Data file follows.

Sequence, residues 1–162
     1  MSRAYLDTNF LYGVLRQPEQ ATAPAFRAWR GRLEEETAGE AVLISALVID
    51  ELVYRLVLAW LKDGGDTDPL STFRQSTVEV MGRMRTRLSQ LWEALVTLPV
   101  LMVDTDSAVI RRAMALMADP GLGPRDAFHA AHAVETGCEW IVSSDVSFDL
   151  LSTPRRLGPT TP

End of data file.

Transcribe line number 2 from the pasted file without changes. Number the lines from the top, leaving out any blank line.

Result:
     1  MSRAYLDTNF LYGVLRQPEQ ATAPAFRAWR GRLEEETAGE AVLISALVID